The events in Kriva Palanka on 18 February and Strumica two days later were marked by displays of young people’s talents, enthusiasm and high expectations.
The opening of Europe Houses in the two towns could not wish for a better beginning.
An exhibition on the river quay of Kriva Palanka, consisting of photo stories involving ten young locals, and a wall with ideas in front of the Municipality building summed up the needs and aspirations of the young population from the town, and their expectations from Europe House. Cultural events (including film screenings and setting up of a book club) and debates/workshops (ranging from protecting stray animals, organic food, mental health to photography, design and starting business) were high on the wish lists.
In Strumica, similar messages were sent through performances and presentations by young people in the park opposite Europe House: let’s dance, let’s create, let’s debate, let’s be active and let’s have fun. In the spirit of the latter, there were jazz, rock and classical music gigs. The 7-day opening programme also includes light art installations, on-the-spot-painting and webinars on digital skills, debating and photography.
Kriva Palanka and Strumica are the first places outside the capital that host Europe Houses as “places for the new generation”. This is thanks to the municipalities, which offered proper facilities. The plan of the EU Delegation is to continue to spread the Europe House brand across the country.
The first Europe House was established by the Delegation in Skopje in November 2019, in response to the demands that high-school students from 25 different towns presented during a series of debates with the Delegation. Europe House Skopje replaced the EU’s Info Centre with a space where young people can meet, discuss, study, organise events, participate in cultural activities and - have fun.
“When European Parliament President David Sassoli inaugurated the Europe House in Skopje, his message to young people was, ‘This is a place for you to get together, exchange ideas and connect with others, so that you create fresh opportunities for yourselves and for your country’. I am sending the same message to you on this occasion. And I am inviting you to come up with own ideas on how to use Europe House best - by expanding your understanding of the EU while advancing your priorities”, said Ambassador Geer at the openings in both towns. In addition to hosting mayors Borjancho Micevski (Kriva Palanka) and Kosta Janevski (Strumica), the events were attended by the President of North Macedonia Stevo Pendarovski (in Kriva Palanka) and Prime Minister Zoran Zaev (in Strumica).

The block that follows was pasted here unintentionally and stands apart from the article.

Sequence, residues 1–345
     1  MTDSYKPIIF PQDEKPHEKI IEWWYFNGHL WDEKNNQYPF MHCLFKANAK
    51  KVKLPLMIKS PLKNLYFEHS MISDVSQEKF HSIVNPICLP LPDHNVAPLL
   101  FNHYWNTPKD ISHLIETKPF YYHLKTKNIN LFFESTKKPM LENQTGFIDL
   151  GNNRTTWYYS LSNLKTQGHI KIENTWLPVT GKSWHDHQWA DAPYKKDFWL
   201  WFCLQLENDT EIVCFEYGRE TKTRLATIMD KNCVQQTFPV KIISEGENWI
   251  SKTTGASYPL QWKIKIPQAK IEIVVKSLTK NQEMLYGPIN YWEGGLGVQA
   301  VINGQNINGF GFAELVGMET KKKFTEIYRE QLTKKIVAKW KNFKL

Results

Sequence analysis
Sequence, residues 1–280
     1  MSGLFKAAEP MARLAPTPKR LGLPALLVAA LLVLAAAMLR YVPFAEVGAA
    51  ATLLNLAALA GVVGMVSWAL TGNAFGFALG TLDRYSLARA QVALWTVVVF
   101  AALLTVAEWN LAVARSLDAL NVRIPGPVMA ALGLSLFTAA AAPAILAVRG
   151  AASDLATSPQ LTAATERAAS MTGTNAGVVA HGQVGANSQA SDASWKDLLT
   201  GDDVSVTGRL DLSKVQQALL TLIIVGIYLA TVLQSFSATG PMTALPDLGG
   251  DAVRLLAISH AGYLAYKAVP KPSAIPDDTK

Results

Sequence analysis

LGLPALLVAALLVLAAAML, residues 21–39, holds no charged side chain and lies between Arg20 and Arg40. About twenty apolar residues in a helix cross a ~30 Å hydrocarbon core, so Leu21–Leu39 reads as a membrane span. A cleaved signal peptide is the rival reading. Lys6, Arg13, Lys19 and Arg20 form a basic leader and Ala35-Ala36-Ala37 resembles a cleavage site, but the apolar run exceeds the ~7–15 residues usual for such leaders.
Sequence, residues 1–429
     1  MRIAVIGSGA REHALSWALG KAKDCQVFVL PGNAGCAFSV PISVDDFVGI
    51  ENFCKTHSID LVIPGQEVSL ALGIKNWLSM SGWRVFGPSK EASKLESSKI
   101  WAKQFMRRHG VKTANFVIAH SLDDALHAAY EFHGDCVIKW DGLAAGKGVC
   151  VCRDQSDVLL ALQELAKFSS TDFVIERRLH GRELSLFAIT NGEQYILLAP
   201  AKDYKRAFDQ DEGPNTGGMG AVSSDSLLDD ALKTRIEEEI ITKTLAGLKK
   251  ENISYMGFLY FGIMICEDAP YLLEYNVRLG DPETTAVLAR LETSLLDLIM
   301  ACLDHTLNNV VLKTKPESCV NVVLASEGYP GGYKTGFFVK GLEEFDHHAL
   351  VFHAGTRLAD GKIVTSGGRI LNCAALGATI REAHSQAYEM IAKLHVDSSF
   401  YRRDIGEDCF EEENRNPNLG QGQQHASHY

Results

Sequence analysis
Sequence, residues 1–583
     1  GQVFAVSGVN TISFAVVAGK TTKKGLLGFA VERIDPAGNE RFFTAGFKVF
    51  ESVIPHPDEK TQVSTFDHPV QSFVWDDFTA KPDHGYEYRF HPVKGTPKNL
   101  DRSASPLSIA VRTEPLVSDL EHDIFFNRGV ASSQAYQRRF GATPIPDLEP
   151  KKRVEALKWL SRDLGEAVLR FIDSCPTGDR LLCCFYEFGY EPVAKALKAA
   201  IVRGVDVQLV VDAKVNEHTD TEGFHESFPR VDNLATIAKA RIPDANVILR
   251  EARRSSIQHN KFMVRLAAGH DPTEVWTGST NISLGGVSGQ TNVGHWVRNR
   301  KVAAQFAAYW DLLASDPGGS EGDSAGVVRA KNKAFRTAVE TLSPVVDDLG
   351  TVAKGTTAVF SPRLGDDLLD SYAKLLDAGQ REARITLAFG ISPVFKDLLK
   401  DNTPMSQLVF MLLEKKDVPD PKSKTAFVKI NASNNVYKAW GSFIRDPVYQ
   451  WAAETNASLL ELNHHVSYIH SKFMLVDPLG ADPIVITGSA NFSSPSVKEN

Mariya Gabriel, EU Commissioner for Innovation, Research, Culture, Education and Youth, welcomed the opening of the Europe Houses via a video message, expressing her confidence that North Macedonia’s greatest resource is young people. “I am proud of all you have done in this area. From people to people contacts in culture and education, to your participation in Erasmus+, a programme that has become synonymous with Europe. From your expression of solidarity through the European Solidarity Corps, to your contribution to a more innovative Europe, through our Horizon 2020 programme. Both Europe House centres will serve as a meeting place to spur debate, inspire collaboration and networking among young innovators, entrepreneurs, creatives, while promoting EU values”, said Commissioner Gabriel.
In Kriva Palanka, Ambassador Geer handed over the keys of Europe House to the young people. In Strumica, known for its centuries-long carnival tradition (the mayor gives the keys of Strumica to carnivalists as a symbolic gesture that they rule the town during the festival), the Mayor did it. With Ambassador Geer noting that, “While the town belongs to carnivalists for only one week, Europe House belongs to young people all year around. I invite you to make the most of it”.